DUBAI, United Arab Emirates (AP) - Satellite photos analyzed by The Associated Press on Friday showed damage done to what Iran describes as a military workshop targeted by Israeli drones, the latest such assault amid a shadow war between the two countries.
While Iran has offered no explanation yet of what the workshop manufactured, the drone attack threatened to again raise tensions in the region. Already, worries have grown over Tehran enriching uranium closer than ever to weapons-grade levels, with a top United Nations nuclear official warning the Islamic Republic had enough fuel to build "several" atomic bombs if it chooses.
Meanwhile, Israeli Prime Minister Benjamin Netanyahu, whose earlier tenure as premier saw escalating attacks targeting Iran, has returned to office and reiterated that he views Tehran as his country's top security threat. With State Department spokesperson Ned Price now declaring Iran has "killed" the opportunity to return to its nuclear deal with world powers, it remains unclear what diplomacy immediately could ease tensions between Tehran and the West.
Cloudy weather had prevented satellite pictures of the site of the workshop since it came under attack by what Iran described as bomb-carrying quadcopters on the night of Jan. 28. Quadcopters, which get their name from having four rotors, typically operate from short ranges by remote control.
Video taken of the attack showed an explosion at the site after anti-aircraft fire targeted the drones, likely from one of the drones reaching the building's roof. Iran's military has claimed shooting down two other drones before they reached the site.
Images taken Thursday by Planet Labs PBC showed the workshop in Isfahan, a central Iranian city some 350 kilometers (215 miles) south of Tehran. An AP analysis of the image, compared to earlier images of the workshop, showed damage to the structure's roof. That damage corresponded to footage aired by Iranian state television immediately after the attack that showed at least two holes in the building's roof.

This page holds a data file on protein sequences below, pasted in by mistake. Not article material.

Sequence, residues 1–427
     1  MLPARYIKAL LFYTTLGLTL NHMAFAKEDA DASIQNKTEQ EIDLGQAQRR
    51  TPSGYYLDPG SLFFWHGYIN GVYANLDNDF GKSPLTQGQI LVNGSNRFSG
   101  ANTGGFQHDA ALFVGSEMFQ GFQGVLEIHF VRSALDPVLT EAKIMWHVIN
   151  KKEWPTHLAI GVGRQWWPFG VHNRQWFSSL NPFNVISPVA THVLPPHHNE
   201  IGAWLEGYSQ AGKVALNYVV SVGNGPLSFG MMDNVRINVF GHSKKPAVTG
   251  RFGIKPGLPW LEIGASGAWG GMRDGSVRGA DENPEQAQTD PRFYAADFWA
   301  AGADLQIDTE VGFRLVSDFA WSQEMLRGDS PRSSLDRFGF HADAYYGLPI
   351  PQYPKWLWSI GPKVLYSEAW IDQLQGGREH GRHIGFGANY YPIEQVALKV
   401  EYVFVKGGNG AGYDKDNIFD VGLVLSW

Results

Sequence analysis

The Iranian state TV footage, as well as satellite photos, suggest the building's roof also may have been built with so-called "slat armor." The structure resembles a cage built around roofs or armored vehicles to stop direct detonation from rockets, missiles or bomb-carrying drones against a target.
Installation of such protection at the workshop suggests Iran believed it could be a drone target.
Iran's Intelligence Ministry in July claimed to have broken up a plot to target sensitive sites around Isfahan. A segment aired on Iranian state TV in October included purported confessions by alleged members of Komala, a Kurdish opposition party that is exiled from Iran and now lives in Iraq, that they planned to target a military aerospace facility in Isfahan after being trained by Israel's Mossad intelligence service.
It remains unclear whether the military workshop targeted in the drone attack was that aerospace facility. Iran's mission to the United Nations did not immediately respond to a request for comment regarding the satellite images and other questions about the workshop.
The attack comes Iran's theocratic government faces challenges both at home and abroad. Nationwide protests have shaken the country since the September death of Mahsa Amini, a Kurdish-Iranian woman detained by the country's morality police. Its rial currency has plummeted to new lows against the U.S. dollar. Meanwhile, Iran continues to arm Russia with the bomb-carrying drone that Moscow uses in attacks in Ukraine on power plants and civilian targets.
Israel is suspected of launching a series of attacks on Iran, including an April 2021 assault on its underground Natanz nuclear facility that damaged its centrifuges. In 2020, Iran blamed Israel for a sophisticated attack that killed its top military nuclear scientist.
Israel has not commented on this drone attack. However, Israeli officials rarely acknowledge operations carried out by the country's secret military units or the Mossad.
A letter published Thursday by Iran's ambassador to the U.N., Amir Saeid Iravani, said that "early investigations suggest that the Israeli regime was responsible for this attempted act of aggression." The letter, however, did not elaborate on what evidence supported Iran's suspicion.
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